Thanks for your great article. Here in Africa the idea of Santa is not so strong but our children are influenced by the programs they watch on television and the stories they read about Santa, fairies and elves. It is a challenge to the older generation to ensure that as the children grow up they are taught about the true meaning of Christmas and the Great Love that God has for all mankind. Your article is quite an eye opener and I shall strive to show my children my belief in God so that they can develop the same. God bless you.

  4. You said you don’t think we come into this world with a ready knowledge of our Saviour. This might not be totally correct. I believe souls come into the human world inside of us but where does the soul begin? Could it be heaven and we have to come here to the human world for “training”. I’ll tell you a story. A couple of years back we were at our annual choir party and a couple was there with their new-born son. New born for sure, he was less than a week old. Of course everyone was admiring the beautiful baby. I noticed he was asleep and I could see rapid eye movement. I said , oh look he’s dreaming. The mother said oh no not yet he’s only been here a few days, he’s still talking to the angels. I thought how cool, but hey she might be right. Anyway It’s a nice story.

  5. Given that my wife and I have a 16 month old son, his salvation is the first item on my prayer list. I often think and pray that I would be the godly man I need to be for both my family as a whole and specifically a good example for my son. I pray that I wouldn’t be a Christian who professes Christ with my lips but denies Him with my actions. May my son know through watching me and my wife that Christ isn’t only real, He’s the one holding our family together, the one we call for when we need help and the one we thank when we are blessed.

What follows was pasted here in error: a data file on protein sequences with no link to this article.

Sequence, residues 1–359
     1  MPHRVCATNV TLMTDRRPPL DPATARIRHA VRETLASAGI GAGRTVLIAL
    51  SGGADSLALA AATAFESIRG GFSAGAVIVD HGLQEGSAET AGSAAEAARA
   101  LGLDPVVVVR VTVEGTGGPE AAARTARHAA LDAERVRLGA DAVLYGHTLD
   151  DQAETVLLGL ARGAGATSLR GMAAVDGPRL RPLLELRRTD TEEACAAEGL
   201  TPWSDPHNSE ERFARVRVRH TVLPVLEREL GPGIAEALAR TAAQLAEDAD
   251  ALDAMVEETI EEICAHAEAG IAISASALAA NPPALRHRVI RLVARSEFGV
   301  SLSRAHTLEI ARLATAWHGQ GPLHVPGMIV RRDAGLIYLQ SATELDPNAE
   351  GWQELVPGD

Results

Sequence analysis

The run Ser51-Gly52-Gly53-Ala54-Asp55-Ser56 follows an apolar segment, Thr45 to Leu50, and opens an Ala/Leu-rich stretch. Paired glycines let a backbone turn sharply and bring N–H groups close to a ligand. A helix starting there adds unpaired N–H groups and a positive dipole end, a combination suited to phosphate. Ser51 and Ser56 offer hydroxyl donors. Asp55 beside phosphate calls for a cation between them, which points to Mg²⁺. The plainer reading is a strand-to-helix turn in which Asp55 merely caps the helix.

Joe, keep up the wonderful writing.

    God Bless

  6. In the Old Baptist home I grew up in Easter was a time for sober reflection. To this day I don’t know what hardboiled eggs dyed garish colors have to do with our Lord’s rising from death. I always thought it had to do with fertility rites in pagan societies. And the Easter bunny still gives me nightmares.

    My mother told us about a ritual, a custom, in the Delta where the first to say “Christman Gift!” in lieu of an unaffordable purchased item gained some recognition from their greeter. I never quite understood, but all of us children understood that Santa, believed in or not, was a delivery man for Sears and demanded payment in advance.

    My favorite memory of Christmas was a time, when I was about 15, that I was so depressed after the few gifts were exchanged, knowing that my mother shoved clothes across the sewing machine at the factory for minimum wage to pay for them. I would have given anything I had to save her from that. I walked outside alone for about a mile until the lights of the house were not visible. In the cold and moonless night I saw the stars blazing in glory, and remembered the night of the one star that heraled the birth of our Savior. I could then understand the sacrifice of my parents, the hard work to provide something extra and so special, as one of love and not of convention.

    I am happy that I had only a few childhood years of wonder and then came to know the majesty of my Lord. I am glad that I never believed in a world of magic where all material desires were granted freely from a commercially inspired cartoon character’s totebag.

Comments are closed.